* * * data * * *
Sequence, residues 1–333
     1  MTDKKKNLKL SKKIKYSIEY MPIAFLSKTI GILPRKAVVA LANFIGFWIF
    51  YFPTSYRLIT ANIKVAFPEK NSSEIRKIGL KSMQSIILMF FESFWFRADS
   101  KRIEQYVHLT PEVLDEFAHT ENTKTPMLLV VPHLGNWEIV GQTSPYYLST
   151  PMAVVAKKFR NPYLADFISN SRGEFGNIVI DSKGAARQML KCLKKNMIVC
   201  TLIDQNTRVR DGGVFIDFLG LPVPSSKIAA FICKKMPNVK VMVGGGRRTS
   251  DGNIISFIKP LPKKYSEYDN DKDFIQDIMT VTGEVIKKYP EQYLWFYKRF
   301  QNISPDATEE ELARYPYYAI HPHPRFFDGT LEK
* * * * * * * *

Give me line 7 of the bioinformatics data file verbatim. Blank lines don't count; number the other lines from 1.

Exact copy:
   251  DGNIISFIKP LPKKYSEYDN DKDFIQDIMT VTGEVIKKYP EQYLWFYKRF